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Research: Fighting over food

28th February 2023


Recent research has investigated interactions between hedgehogs and other species at feeding stations. Hedgehogs are increasingly making use of urban gardens, and the associated supplementary food provided by homeowners. While this food can offer a lifeline for urban hogs, it can also serve to artificially bring together members of a usually solitary species. In addition, provision of food can attract other species that may predate or cause injury to hedgehogs, such as badgers and foxes.

The research, by Professor Dawn Scott and colleagues at Nottingham Trent University, set out to study interactions at feeding stations.


The research assessed interactions between pairs of species and members of the same species using citizen science video footage. The species studied were hedgehogs, foxes, badgers and cats. Interactions were classed as ‘neutral’ or ‘agonistic’ (aggression and/or submission between animals).


Interactions between species

As expected, interactions between species were combative on more occasions than those within the same species.

143 interactions were studied between hedgehogs and foxes, with 49% categorised as agonistic, and 51% neutral. Within these agonistic interactions, the majority were competitive (only 5% were potentially predatory), with the fox ‘winning’ 46.2% of the time, and the hedgehog in just 9.6% of interactions.

Fewer interactions between hedgehogs and badgers were studied, with 16 interactions showing 31.3% agonistic and 68.7% neutral behaviour. Although badgers do prey on hedgehogs, these agonistic interactions were predominantly competitive in nature (two thirds), as opposed to predatory (one third). Badgers were more likely to ‘win’ food in competitive interactions.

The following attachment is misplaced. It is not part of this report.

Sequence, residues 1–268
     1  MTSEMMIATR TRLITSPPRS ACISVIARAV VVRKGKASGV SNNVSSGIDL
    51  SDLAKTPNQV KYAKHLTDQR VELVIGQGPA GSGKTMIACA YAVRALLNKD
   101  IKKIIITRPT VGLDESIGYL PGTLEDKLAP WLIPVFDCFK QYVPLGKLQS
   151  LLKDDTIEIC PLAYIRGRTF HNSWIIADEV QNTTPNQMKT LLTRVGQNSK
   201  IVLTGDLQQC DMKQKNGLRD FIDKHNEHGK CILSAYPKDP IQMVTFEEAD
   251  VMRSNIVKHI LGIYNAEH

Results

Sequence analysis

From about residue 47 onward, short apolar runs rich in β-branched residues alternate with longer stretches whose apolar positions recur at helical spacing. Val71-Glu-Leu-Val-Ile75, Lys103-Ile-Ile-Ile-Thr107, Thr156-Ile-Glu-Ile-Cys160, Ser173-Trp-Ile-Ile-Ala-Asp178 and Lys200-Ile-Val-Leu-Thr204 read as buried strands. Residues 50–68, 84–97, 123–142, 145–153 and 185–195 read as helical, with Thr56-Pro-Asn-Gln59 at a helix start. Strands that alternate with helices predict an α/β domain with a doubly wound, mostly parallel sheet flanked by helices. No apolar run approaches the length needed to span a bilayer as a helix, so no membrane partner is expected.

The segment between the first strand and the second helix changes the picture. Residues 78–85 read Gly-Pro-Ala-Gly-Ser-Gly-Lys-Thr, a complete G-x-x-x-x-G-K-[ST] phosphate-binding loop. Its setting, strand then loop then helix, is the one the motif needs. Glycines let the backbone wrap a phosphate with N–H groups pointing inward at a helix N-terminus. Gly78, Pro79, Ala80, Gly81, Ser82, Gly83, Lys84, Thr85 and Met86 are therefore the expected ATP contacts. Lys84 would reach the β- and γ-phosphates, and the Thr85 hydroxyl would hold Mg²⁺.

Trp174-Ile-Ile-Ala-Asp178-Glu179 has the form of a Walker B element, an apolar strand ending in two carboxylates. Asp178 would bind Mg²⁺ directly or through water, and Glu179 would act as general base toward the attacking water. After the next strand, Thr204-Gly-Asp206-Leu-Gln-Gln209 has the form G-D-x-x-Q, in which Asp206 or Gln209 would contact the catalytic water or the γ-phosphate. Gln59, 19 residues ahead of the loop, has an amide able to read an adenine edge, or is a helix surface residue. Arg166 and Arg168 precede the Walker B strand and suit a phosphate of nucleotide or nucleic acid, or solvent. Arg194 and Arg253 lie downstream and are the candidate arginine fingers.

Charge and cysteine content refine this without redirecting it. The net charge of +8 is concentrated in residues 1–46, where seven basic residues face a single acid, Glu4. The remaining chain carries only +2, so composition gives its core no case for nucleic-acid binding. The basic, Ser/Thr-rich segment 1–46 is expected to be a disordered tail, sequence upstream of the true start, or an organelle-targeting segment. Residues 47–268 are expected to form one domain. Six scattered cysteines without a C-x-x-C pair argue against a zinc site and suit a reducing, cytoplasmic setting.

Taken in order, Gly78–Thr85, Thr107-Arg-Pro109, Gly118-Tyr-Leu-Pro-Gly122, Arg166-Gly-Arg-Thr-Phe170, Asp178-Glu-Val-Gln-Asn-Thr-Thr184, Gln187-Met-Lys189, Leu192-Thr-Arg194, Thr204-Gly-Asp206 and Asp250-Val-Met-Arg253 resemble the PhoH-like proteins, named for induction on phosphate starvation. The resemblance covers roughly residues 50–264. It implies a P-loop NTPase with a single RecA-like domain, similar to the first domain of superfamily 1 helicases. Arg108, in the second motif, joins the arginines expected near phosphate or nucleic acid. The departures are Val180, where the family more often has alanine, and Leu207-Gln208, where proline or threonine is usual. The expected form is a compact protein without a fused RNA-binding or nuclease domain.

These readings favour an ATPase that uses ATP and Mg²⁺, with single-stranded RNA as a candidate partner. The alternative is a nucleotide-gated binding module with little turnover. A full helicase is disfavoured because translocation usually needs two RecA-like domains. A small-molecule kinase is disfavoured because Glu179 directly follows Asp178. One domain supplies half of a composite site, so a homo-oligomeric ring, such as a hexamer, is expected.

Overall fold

Hedgehogs and cats were studied in 28 interactions; 57.1% agonistic and 42.9% neutral, with a hedgehog more likely to ‘win’ in a confrontation.

Interactions within the same species

Exchanges between members of the same species species resulted in agonistic behaviour 55.4% of the time. Interactions between hedgehogs were shown to be the most fraught, with confrontation in 54.9% of interactions. Hedgehogs tended to ‘barge and roll’ others out of the way, and exchanges didn’t tend to result in injury. Interactions between badgers were the most peaceful, with just 6.7% of interactions being agonistic, and foxes lying in the middle (36.4% agonistic).

What next?

Previous research has shown that as a solitary, non-territorial species, hedgehogs typically avoid each other. With the exception of courtship, where females exhibit aggression towards males, overt aggression is rare. This study showed that an artificial food source can cause high rates of aggression between hedgehogs. Some ways to reduce this negative side effect while still providing food for hedgehogs include:

  • Moving food around the garden at different intervals.
  • Leaving food out at varying times.
  • Placing food in more than one area to minimise the risk of individuals congregating.

Though not well studied, these measures could also serve to reduce the risk of disease transmission within hedgehogs and between other species.

Find out more about supplementary feeding here.

Photos by Linda Knight, Tracey, Robert Cullis, Kirsteen Simpson and Lukas Matura
Video by Anthony Woolgar